Abstract and Introduction
Introduction: Primary peritonitis without an identifiable intra-abdominal source is extremely rare in healthy individuals; it is commonly seen in cases of nephrotic syndrome, cirrhosis and end-stage liver disease, ascites, immunosuppression, and inflamed peritoneum due to pre-existing autoimmune and oncological conditions.
Case presentation: We present the case of a 68-year-old Caucasian woman operated on due to acute abdomen with a provisional diagnosis of acute appendicitis. During the operation a small amount of free intra-abdominal fluid was found. Her uterus, ovaries, and fallopian tubes were macroscopically normal. Therefore, with the suspicion of appendicitis, appendectomy was performed. Her blood cultures were negative while peritoneal fluid was positive for capsulated form of Streptococcus pneumoniae. A 30-day follow-up was performed and she was asymptomatic without any sign of infection.
Discussion: Streptococcus pneumoniae commonly causes upper respiratory tract infection and cutaneous infections. It very rarely causes gastrointestinal infection and it is very rarely responsible for primary peritonitis and septic shock syndrome.
Conclusion: Pneumococcal peritonitis has a rare occurrence and represents a clinical challenge because of its subtle and non-specific clinical findings. The interest in our case lays in the relatively rare diagnosis of primary peritonitis mimicking acute appendicitis.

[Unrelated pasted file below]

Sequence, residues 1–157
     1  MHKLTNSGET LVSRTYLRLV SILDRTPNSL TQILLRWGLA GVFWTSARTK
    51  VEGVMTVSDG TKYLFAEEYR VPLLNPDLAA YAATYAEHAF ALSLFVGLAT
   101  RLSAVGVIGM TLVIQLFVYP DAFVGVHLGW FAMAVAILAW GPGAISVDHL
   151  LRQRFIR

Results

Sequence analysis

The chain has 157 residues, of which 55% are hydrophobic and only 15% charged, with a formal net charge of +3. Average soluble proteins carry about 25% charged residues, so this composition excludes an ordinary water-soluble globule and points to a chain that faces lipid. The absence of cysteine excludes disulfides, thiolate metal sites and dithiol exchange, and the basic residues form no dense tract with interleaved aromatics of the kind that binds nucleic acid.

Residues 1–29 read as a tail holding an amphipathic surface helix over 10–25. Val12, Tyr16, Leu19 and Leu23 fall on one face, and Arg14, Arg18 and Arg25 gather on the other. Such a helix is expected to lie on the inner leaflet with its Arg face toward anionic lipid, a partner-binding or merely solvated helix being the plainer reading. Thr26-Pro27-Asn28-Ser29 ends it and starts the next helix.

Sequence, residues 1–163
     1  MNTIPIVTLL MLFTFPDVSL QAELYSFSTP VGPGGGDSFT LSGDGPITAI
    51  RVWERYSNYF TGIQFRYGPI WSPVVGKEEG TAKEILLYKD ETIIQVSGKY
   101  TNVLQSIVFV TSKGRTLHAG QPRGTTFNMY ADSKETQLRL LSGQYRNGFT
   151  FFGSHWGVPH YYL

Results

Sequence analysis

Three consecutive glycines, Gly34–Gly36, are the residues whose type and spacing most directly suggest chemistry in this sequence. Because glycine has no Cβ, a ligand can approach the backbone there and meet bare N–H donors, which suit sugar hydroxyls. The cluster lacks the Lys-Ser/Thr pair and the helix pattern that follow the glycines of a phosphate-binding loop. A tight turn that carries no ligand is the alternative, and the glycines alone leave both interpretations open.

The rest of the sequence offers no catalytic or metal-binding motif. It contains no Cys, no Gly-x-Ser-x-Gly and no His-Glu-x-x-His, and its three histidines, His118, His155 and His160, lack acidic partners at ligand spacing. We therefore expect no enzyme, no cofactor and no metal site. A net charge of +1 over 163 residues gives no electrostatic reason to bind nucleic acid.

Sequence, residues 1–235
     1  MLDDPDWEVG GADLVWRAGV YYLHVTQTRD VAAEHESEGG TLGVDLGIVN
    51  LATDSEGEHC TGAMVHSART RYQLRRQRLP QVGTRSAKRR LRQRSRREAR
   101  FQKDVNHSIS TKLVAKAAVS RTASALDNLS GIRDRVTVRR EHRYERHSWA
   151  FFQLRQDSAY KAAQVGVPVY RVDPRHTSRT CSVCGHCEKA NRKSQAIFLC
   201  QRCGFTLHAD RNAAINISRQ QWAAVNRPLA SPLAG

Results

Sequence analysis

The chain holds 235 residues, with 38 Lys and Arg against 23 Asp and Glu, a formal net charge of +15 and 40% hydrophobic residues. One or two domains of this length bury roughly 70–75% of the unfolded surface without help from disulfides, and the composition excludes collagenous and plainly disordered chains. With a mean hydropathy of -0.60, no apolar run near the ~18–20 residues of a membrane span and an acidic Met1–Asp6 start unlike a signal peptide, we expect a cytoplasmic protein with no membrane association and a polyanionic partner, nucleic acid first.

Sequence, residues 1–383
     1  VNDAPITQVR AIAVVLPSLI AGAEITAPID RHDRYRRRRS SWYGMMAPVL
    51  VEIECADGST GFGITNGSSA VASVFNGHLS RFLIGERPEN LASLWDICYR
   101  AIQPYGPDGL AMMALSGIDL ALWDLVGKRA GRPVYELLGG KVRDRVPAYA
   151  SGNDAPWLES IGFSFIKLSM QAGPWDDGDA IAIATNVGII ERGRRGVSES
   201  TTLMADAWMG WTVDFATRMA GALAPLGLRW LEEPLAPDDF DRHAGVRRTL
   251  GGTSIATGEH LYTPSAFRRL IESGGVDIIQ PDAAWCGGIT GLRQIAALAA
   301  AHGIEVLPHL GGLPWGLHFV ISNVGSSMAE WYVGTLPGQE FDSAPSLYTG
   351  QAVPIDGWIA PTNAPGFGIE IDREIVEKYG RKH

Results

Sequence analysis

Primary peritonitis (PP) is a diffuse infective inflammation of the peritoneal cavity in the absence of a localized source.[1–3] PP is extremely rare (2%) in healthy individuals; it usually occurs in patients with nephrotic syndrome, cirrhosis, end-stage liver disease, ascites, immunosuppressive status, or inflamed peritoneum due to pre-existing autoimmune and/or oncological conditions.[4–7] The physiopathology of PP is not completely understood, but increased translocation of intestinal bacteria, retrograde diffusion from the genitourinary tract in females, or hematogenous infectious pathways have been discussed. Historically, PP has been related to Gram-negative bacteria, while Gram-positive bacteria, excluding Enterococcus species, are rarely involved[8–10] and, therefore, PP was seldom misdiagnosed. We present the case of a 68-year-old Caucasian woman operated on due to acute abdomen with a provisional diagnosis of acute appendicitis.
J Med Case Reports. 2019;13(126) © 2019 BioMed Central, Ltd.